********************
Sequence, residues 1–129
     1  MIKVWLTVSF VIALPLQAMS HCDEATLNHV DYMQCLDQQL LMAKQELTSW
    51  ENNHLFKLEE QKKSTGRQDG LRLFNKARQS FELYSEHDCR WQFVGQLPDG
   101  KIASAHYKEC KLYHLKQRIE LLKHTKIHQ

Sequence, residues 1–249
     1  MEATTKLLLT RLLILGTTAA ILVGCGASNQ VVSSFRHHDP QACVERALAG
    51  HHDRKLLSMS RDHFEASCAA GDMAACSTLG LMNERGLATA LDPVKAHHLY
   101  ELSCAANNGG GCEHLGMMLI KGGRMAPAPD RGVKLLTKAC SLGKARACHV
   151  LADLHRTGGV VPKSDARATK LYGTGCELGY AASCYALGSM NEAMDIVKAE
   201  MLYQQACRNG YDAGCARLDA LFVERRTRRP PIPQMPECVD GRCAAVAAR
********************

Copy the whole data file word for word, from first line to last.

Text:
Sequence, residues 1–129
     1  MIKVWLTVSF VIALPLQAMS HCDEATLNHV DYMQCLDQQL LMAKQELTSW
    51  ENNHLFKLEE QKKSTGRQDG LRLFNKARQS FELYSEHDCR WQFVGQLPDG
   101  KIASAHYKEC KLYHLKQRIE LLKHTKIHQ

Sequence, residues 1–249
     1  MEATTKLLLT RLLILGTTAA ILVGCGASNQ VVSSFRHHDP QACVERALAG
    51  HHDRKLLSMS RDHFEASCAA GDMAACSTLG LMNERGLATA LDPVKAHHLY
   101  ELSCAANNGG GCEHLGMMLI KGGRMAPAPD RGVKLLTKAC SLGKARACHV
   151  LADLHRTGGV VPKSDARATK LYGTGCELGY AASCYALGSM NEAMDIVKAE
   201  MLYQQACRNG YDAGCARLDA LFVERRTRRP PIPQMPECVD GRCAAVAAR